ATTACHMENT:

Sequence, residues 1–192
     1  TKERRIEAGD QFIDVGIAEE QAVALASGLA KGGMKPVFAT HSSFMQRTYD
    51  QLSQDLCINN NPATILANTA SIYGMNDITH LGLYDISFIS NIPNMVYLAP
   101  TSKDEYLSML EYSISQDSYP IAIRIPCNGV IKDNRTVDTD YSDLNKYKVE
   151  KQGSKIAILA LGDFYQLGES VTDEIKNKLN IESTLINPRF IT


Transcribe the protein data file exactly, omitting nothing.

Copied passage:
Sequence, residues 1–192
     1  TKERRIEAGD QFIDVGIAEE QAVALASGLA KGGMKPVFAT HSSFMQRTYD
    51  QLSQDLCINN NPATILANTA SIYGMNDITH LGLYDISFIS NIPNMVYLAP
   101  TSKDEYLSML EYSISQDSYP IAIRIPCNGV IKDNRTVDTD YSDLNKYKVE
   151  KQGSKIAILA LGDFYQLGES VTDEIKNKLN IESTLINPRF IT